Born to a calligraphist in Philadelphia in 1844, Thomas Eakins first displayed an aptitude for line drawing at the age of 12. In 1861 he enrolled at the Pennsylvania Academy of Fine Arts (PAFA), and in 1866, he set off to Paris to complete further training. He studied at the École des Beaux-Arts, though he rejected what he thought were the “classical pretensions” of the French Academy and the newly emerging Impressionist movement, favoring realism. A brief stint in Spain, inspired by the work of de Ribera and Velàzquez, solidified his commitment to capturing the exactness of the human form.
Eakins first began his career painting historical and genre subjects, including rowers and wrestlers. By the early 20th century he turned to portraiture, fulfilling his interest in capturing the human figure. Eakins’ portraits are deeply rooted in reality; he chose to work meticulously from life, emphasizing the realistic flesh and blood qualities of the individuals who posed for him.
He became a professor at PAFA in 1878, eventually becoming the school’s director several years later. As a teacher, Eakins challenged his students to study the human body in ways previously unexplored, using photographs (often his own) as a reference for anatomy, and surgical dissection as a study aid. He had plaster casts made of surgical dissections, which were then provided to his students.
His seminal masterwork, “Portrait of Dr. Samuel D. Gross,” more commonly called “The Gross Clinic,” executed in 1875, is considered by many art historians to be one of the best, and most important, paintings ever made by an American artist. The painting depicts Dr. Samuel D. Gross, a professor and renowned surgeon at Jefferson Medical College, lecturing to an amphitheater of medical students, while performing surgery on an anesthetized patient.
The auditorium seating is filled with darkened figures of students, while in the foreground, a woman clad in black, believed to be the patient’s mother, covers her face with her arm, unable to watch the procedure. Eakins’ unflinching realism as applied to the patient’s prostrate form, and the practicing surgeons surrounding him, their hands and instruments blood-stained and eerily illuminated, produces a startling visual effect. And at eight feet tall by more than six feet wide, the painting is as overwhelming in its size as its subject matter.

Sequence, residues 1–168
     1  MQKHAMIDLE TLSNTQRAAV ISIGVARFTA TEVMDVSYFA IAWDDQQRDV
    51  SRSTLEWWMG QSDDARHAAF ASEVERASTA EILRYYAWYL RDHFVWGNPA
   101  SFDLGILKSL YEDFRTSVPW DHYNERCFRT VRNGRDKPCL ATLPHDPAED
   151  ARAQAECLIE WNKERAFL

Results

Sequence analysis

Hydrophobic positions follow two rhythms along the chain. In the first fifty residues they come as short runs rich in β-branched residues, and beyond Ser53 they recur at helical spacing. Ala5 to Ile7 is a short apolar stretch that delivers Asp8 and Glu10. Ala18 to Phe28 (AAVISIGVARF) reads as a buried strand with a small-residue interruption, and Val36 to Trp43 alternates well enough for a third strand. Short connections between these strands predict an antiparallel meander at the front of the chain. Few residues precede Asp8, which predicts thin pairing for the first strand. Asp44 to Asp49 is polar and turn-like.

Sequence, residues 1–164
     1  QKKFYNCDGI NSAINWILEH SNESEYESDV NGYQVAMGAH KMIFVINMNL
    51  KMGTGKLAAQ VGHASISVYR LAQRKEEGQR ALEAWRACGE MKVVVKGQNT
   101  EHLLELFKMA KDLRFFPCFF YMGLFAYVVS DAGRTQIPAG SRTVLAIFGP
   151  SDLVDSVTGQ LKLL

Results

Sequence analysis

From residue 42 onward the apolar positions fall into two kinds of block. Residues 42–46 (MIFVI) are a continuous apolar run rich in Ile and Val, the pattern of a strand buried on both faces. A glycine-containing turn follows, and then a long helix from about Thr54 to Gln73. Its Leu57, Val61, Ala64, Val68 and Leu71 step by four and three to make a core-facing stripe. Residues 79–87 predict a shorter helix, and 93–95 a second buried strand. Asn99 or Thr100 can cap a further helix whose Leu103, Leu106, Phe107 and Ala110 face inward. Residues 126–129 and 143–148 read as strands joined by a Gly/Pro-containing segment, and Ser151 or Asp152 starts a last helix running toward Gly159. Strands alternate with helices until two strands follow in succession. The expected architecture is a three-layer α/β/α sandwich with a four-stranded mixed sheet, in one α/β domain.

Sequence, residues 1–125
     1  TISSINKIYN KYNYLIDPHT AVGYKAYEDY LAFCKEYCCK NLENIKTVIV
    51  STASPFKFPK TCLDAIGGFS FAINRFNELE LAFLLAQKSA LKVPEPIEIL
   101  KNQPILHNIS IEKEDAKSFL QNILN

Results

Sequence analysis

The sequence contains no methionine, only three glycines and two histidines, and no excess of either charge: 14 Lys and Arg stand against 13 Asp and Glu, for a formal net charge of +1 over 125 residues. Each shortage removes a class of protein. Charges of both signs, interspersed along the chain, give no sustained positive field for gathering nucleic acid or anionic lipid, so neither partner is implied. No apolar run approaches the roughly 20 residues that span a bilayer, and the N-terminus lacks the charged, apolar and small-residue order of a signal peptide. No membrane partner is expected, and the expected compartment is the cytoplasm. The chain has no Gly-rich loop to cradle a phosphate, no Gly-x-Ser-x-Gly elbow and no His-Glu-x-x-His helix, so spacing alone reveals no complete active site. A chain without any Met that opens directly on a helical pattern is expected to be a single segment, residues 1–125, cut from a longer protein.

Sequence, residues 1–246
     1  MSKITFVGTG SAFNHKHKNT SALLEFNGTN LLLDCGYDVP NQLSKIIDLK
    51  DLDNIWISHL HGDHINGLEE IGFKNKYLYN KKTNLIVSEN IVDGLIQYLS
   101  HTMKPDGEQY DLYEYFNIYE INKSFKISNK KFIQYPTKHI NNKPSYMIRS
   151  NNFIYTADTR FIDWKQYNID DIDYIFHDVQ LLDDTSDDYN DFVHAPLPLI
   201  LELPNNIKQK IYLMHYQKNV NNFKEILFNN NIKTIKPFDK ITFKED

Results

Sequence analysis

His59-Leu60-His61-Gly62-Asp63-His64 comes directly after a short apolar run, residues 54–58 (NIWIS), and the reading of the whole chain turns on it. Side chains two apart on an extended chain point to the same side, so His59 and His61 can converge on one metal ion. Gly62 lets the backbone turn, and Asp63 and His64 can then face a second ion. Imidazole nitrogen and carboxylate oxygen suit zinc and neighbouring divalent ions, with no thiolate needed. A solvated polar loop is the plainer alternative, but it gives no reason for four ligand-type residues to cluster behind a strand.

“The Gross Clinic,” painted by a thoroughly Philadelphian artist, of a Philadelphian doctor, in a Philadelphian medical school, had obvious connections to this city. It had hung at Jefferson Medical College since 1876, when the school purchased it for $200. So in 2006, when the board at the school announced it was selling the painting, and that the new owners were to be the National Gallery of Art in D.C. and Alice Walton, heiress to the Wal-Mart chain (for her as-then-unnamed museum in Crystal Bridges, Arkansas), there was an understandable amount of outrage and public blowback. How could such a quintessentially Philadelphian painting leave Philadelphia? But how could Philadelphia match the $68 million offer price to keep the painting here?
Passionately, as it turns out. The Philadelphia Museum of Art (which holds the largest collection of works by Eakins—prints, paintings, bronzes, sculpture studies—than any other museum or institution in the country) and PAFA (where Eakins was educated and later taught) joined together to raise the funds to place a competing offer. They established a deadline (December of that year) and planned to appeal to Philadelphia’s Historical Commission, invoking a clause that would classify the painting as an “historic object” vital to the history of the city, in line with the preservation codes. The city hung banners along the city’s major thoroughfares with close-ups of sections of the painting.
As the deadline approached, the two museums had raised $30 million. No small sum, but less than half of the required amount to convince Jefferson to consider their counteroffer. Sensing the historic importance, Wachovia Bank (now Wells Fargo) stepped in to loan the remaining amount to the institutions. More than 3,400 private individuals also contributed, and the painting was, thankfully, spared a life outside the city that created it, a city that didn’t know what it had until it was almost gone.
A condition of the dual-museum purchase meant that “The Gross Clinic” now splits its time between both, spending two years on view in one before rotating to the other. Currently, the painting resides at PAFA, where it is hung in the main gallery, without wall labels and surrounded by other works of art of varying time periods and styles, meant to mimic the salon exhibitions popular at the turn of the century.